An expansion card or board is a circuit board that includes chips and other electronic components connected that adds functions or resources to the computer. Typically expansion cards add memory, disk-drive controllers 66, video support, parallel and serial ports, and internal modems. For lop top palm top, and other portable computers, expansion cards usually take the form of PC cards, which are credit card-sized devices designed to plug into a slot in the side or back of a computer. An example such a slot is PCMCIA slot (Personal Computer Memory Card International Association) which defines type 1, 2 and 3 card slots. Thus, empty slots 68 may be used to receive various types of expansion cards or PCMCIA cards.

Disk controller 66 and diskette controller 70 both include special purpose integrated circuits and associated circuitry that direct and control reading from and writing to hard disk drive 72, and a floppy disk or diskette 74, respectively. Such disk controllers handle task such as positioning read/write head, mediating between the, rive and the CPU 50, and controlling the transfer information to and from memory. A single disk controller may be able to control more than one disk drive.

CD-ROM controller 76 may be included in data processing 20 for reading data from CD-ROM 78 (compact disk read only memory). Such CD-ROMs use laser optics rather then magnetic means for reading data.

Keyboard mouse controller 80 is provided in data processing system 20 for interfacing with keyboard 82 and pointing device 84. Such pointing devices are typically used to control an on-screen element, such as a cursor, which may take the form of an arrow having a hot spot that specifies the location of the pointer when the user presses a mouse button. Other pointing devices include the graphics tablet, the stylus, the light pin, the joystick, the puck, the trackball, the trackpad, and the pointing device sold under the trademark "TrackPoint" by IBM.

Communication between processing system 20 and other data processing systems may be facilitated by serial controller 88 and network adapter 90, both of which are coupled to system bus 5. Serial controller 88 is used to transmit information between computers, or between a computer and peripheral devices, one bit at a time over a single line. Serial communications can be synchronous (controlled by some standard such as a clock) or asynchronous (managed by the exchange of control signals that govern the flow of information). Examples of serial communication standards include RS-232 interface and the RS-422 interface. As illustrated, such a serial interface may be used to communicate with modem 92. A modem is a communication device that enables a computer to transmit information over a standard telephone line. Modems convert digital computer signals to interlock signals suitable for communications over telephone lines, Modem 92 can be utilized to connect data processing system 20 to an on-line information service, such as an information service provided under the service mark "PRODIGY" by IBM and Sears. Such on-line service providers may offer software that may be down loaded into data processing system 20 via modem 92. Modem 92 may provide a connection to other sources of software, such as server, an electronic bulletin board, the Internet or World Wide Web.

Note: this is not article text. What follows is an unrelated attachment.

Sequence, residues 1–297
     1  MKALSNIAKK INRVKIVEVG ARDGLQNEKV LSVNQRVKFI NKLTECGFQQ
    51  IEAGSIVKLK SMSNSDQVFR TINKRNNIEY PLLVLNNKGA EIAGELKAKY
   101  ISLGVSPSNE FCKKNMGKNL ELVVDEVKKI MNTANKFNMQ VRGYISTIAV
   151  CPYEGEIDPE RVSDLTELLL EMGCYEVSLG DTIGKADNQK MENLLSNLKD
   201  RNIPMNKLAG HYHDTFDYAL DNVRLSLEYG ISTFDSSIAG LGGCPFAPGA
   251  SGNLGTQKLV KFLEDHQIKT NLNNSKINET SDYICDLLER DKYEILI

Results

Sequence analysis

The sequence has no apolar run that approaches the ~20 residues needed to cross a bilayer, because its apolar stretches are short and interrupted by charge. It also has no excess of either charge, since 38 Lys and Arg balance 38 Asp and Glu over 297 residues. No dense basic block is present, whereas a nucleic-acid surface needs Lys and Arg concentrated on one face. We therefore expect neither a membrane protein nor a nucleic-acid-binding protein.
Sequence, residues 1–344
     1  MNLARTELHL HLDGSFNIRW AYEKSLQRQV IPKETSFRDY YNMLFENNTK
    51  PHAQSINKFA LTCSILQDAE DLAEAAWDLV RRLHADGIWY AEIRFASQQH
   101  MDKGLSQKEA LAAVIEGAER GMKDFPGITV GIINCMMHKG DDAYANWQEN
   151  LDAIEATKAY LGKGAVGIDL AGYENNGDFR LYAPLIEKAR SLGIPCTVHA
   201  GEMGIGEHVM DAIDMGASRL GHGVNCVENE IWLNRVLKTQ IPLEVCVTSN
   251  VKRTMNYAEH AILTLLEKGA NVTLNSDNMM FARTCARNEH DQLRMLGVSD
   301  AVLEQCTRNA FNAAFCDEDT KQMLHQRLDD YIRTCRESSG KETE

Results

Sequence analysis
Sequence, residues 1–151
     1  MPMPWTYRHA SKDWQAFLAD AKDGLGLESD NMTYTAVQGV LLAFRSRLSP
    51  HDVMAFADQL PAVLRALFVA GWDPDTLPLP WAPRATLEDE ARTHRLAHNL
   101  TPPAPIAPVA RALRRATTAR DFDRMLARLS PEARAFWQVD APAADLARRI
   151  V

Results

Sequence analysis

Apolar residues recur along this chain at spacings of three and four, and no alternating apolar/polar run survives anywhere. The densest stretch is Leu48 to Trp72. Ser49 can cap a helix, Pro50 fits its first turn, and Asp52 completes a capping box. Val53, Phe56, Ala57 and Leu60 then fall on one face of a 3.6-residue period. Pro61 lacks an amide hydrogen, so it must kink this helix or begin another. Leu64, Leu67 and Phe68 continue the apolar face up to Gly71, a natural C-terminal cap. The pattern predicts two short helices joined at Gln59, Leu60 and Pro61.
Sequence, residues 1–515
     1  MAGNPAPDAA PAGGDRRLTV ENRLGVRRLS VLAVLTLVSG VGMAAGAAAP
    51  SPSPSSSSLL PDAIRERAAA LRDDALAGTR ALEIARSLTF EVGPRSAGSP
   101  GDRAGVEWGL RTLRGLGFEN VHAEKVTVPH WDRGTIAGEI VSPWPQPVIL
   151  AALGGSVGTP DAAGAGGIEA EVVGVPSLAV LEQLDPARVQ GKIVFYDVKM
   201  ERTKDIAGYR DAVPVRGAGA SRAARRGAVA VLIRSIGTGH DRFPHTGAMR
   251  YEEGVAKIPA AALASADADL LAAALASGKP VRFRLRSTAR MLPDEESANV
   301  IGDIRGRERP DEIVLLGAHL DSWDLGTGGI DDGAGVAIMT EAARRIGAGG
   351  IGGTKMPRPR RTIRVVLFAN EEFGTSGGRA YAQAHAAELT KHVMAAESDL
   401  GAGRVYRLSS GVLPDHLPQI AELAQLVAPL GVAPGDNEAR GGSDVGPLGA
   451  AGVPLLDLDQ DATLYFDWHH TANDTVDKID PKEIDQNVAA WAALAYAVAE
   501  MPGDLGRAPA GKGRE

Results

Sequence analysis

Network adapter 90 may be used to connect data processing system 20 to a local area network 94. Network 94 may provide computer users with means of communicating and transferring software and information electronically. Additionally, network 94 may provide distributed processing, which involves several computers in the sharing of workloads or cooperative efforts in performing a task.

Display 96, which is controlled by display controller 98, is used to display visual output generated by data processing system 20. Such visual output may include text, graphics, animated graphics, and video. Display 96 may be implemented with CRT-based video display, an LCD-based flat panel display, or a gas plasma-based flat-panel display. Display controller 98 includes electronic components required to generate a video signal that is sent to display 96.

Printer 100 may be coupled to data processing system 20 via parallel controller 102. Printer 100 is used to put text or a computer-generated image on paper or on another medium, such as transparency. Other type of printers may include an image setter, a plotter, or a film recorder.

Parallel controller 102 is used to send multiple data and control bits simultaneously over wires connected between system bus 5 and another parallel communication device, such as printer 100.

CPU 50 fetches, decodes, and executes instructions, and transfers information to and from other resources via the computers main data-transfer path, system bus 5. Such a bus connects the components in a data processing system 20 and defines the medium for data exchange. System bus S connects together and allows for the exchange of data between memory units 56, 58, and 60, CPU 50, and other devices as shown in FIG. 2.

Reference now being made to FIG. 3, a diagram is shown illustrating a client table 302 which is used to detect the addition of new client machines, such as the computer system 100 of FIG. 1 to a network, according to the teachings of the present invention. As previously stated, current methods used to identify the addition of a new client machine to a network have required a skilled administrator to define the user who will use the new client machine using a user name defined by the server (e.g. PC Server), and then to configure the new client machine to have a computer name which is the same as that of the user name defined at the server. In addition, various other non-trivial tasks are also required by the administrator to initialize the new client. The above noted process is manual, time consuming, and requires technical skills beyond those of a typical small business consumer.